Skip To Content

Tel Aviv Councilman: Supreme Court Decision Makes Shabbat Accessible for All

The combination of these two words -– Shabbat and politics — has always stimulated toxic social turmoil in Israel. For decades, the so-called “status quo” about the nature of the seventh day in the public sphere has generated endless attempts to preserve some symbols of the biblical Shabbat in the modern era — in the modern state of Israel, which has its own modern needs. The most recent expression of this sensitive experiment to, as we say in Hebrew, “eat the cake while keeping it untouched” (have your cake and eat it too) was the reaction to the Supreme Court decision to enable the Tel Aviv-Jaffa municipality to implement our council decision to enable commerce during Shabbat. Some of the political reactions to this decision included direct threats by coalition members to end the current government’s term and go the general elections; it seems to me that it’s about time to set some records straight.

Tel Aviv-Jaffa, as a municipal entity, has almost 110 years of experience in being Jewish. I use this term in its fullest capacity -– religious, national, social and even political. This city has never isolated any of its residents and has tried, successfully I believe, to create infrastructures and frameworks to allow all segments of the Jewish society to live and thrive within this important and unique place. As such, the Tel-Aviv Jaffa’s council members, myself included, have never declared and executed decisions which are appropriate only for one sector of the city. At the same time, and I say this as an elected official representing a left-wing party, we never push any sector of the city into a corner in which they’ll feel they can’t have a future in Tel-Aviv.

The decision we made regarding possible commerce during Shabbat in Tel Aviv-Jaffa was a balanced, well calculated and thought-through equation which considered both the clear needs and necessities of this city’s residents and guests as well as the need to preserve the fundamentally different nature of this day of the week. We believe that people who wish not to work during Shabbat should have the ability to do so and that Shabbat has an important social role to play in all of our lives. Hence, not all supermarkets and stores in Tel Aviv-Jaffa can be opened throughout Saturday and commerce will never exist on the same scales as it does during other days of the week. But at the same time, a complete cessation of all business activity on the sole day of the week in Israel when families and friends can share some time for leisure and personal errands is unacceptable. It never was this way and it never will be. Our decision clearly marked the areas in which commerce will be allowed -– mainly special tourist and entertainment venues -– and also set the limit for the maximum amount of stores and supermarkets which can operate during Shabbat. This municipality has a clear mandate by law to create specific parameters for a reality which best serves its residents, just as a religious town in Israel that decides to close roads and sometimes even entrances in order to ban vehicles from driving through it during Shabbat does. We did what we are allowed to do, and more importantly, what we were elected to do: work hard in order to fulfill this city’s needs.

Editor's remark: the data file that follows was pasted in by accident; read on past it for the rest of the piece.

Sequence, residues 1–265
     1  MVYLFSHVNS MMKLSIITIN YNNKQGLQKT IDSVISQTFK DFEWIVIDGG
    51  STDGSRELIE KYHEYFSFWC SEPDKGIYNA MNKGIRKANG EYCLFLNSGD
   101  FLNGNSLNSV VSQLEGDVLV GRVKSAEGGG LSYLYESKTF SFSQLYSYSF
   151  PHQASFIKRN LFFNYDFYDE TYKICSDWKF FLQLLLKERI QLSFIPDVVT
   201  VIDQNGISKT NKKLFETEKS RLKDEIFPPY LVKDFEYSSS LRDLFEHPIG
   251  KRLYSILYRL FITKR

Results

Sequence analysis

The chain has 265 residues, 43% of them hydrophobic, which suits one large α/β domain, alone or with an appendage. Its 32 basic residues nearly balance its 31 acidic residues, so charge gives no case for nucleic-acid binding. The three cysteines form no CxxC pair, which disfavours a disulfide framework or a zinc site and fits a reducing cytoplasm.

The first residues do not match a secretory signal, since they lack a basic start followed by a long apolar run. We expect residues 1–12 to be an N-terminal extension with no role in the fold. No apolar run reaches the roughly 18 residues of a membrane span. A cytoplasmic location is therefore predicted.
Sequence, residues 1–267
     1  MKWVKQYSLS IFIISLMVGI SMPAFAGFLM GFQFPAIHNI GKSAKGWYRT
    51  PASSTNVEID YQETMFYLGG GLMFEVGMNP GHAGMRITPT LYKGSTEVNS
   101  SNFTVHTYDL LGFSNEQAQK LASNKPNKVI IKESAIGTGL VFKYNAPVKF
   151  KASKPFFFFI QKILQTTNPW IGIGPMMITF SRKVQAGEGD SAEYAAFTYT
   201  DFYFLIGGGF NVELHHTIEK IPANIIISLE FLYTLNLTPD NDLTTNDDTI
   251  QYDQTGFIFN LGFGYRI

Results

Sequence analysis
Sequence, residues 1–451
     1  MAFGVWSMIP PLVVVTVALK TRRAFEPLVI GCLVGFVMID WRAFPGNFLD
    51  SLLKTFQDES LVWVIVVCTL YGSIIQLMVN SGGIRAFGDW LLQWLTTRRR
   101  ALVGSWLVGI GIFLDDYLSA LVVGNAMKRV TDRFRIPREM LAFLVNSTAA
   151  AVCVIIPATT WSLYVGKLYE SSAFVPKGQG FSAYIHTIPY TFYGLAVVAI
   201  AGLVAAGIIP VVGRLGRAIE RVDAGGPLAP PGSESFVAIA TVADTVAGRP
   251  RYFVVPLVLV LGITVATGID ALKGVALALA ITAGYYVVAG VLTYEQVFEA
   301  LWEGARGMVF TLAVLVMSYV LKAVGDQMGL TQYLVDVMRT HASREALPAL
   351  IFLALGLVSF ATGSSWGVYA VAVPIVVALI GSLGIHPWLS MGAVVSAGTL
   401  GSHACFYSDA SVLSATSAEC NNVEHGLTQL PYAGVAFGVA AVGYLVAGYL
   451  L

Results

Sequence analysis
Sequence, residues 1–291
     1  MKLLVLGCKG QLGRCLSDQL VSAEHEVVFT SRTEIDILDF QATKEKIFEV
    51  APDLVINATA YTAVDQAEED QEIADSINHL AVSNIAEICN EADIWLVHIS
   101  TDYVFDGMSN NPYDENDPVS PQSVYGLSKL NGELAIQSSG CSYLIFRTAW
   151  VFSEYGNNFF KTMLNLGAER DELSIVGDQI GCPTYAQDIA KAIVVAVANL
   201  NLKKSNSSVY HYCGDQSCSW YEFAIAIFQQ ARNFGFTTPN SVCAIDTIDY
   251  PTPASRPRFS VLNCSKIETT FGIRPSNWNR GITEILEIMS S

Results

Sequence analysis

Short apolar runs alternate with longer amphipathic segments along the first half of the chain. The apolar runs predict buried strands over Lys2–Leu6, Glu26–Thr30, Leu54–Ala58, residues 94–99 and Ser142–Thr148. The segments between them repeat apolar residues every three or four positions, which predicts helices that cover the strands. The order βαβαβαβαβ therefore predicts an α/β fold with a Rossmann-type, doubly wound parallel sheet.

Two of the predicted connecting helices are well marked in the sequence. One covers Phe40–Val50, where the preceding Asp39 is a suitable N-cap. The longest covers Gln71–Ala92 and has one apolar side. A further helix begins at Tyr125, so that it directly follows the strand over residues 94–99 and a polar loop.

I am not a religious person, but Judaism has been a part of my life as long as I can remember. I don’t believe that Shabbat is a right reserved only for those who commit themselves completely to each and every part of its biblical commandments. Just as Jews around the world and throughout the years have successfully lived their lives in different surroundings which were never fully “Jewish”, we can’t decide to disconnect ourselves from the outside changing world. Not in New York City or Philadelphia, but also not in Tel Aviv and Jerusalem. You don’t have to be religious to enjoy your Shabbat, and as elected officials, we surely can’t accept a reality in which Shabbat is unavailable to the majority of society that shares a different way of experiencing it. This is not a fight about Shabbat or about Judaism, and it shouldn’t be a left vs. right political debate. If we can’t find a way to respect our different ways of living, we will have to shut down much more than several supermarkets and shopping malls during our weekends.

A message from our editor-in-chief Jodi Rudoren

We're building on 127 years of independent journalism to help you develop deeper connections to what it means to be Jewish today.

With so much at stake for the Jewish people right now — war, rising antisemitism, a high-stakes U.S. presidential election — American Jews depend on the Forward's perspective, integrity and courage.

—  Jodi Rudoren, Editor-in-Chief 

Join our mission to tell the Jewish story fully and fairly.

Republish This Story

Please read before republishing

We’re happy to make this story available to republish for free, unless it originated with JTA, Haaretz or another publication (as indicated on the article) and as long as you follow our guidelines. You must credit the Forward, retain our pixel and preserve our canonical link in Google search.  See our full guidelines for more information, and this guide for detail about canonical URLs.

To republish, copy the HTML by clicking on the yellow button to the right; it includes our tracking pixel, all paragraph styles and hyperlinks, the author byline and credit to the Forward. It does not include images; to avoid copyright violations, you must add them manually, following our guidelines. Please email us at [email protected], subject line “republish,” with any questions or to let us know what stories you’re picking up.

We don't support Internet Explorer

Please use Chrome, Safari, Firefox, or Edge to view this site.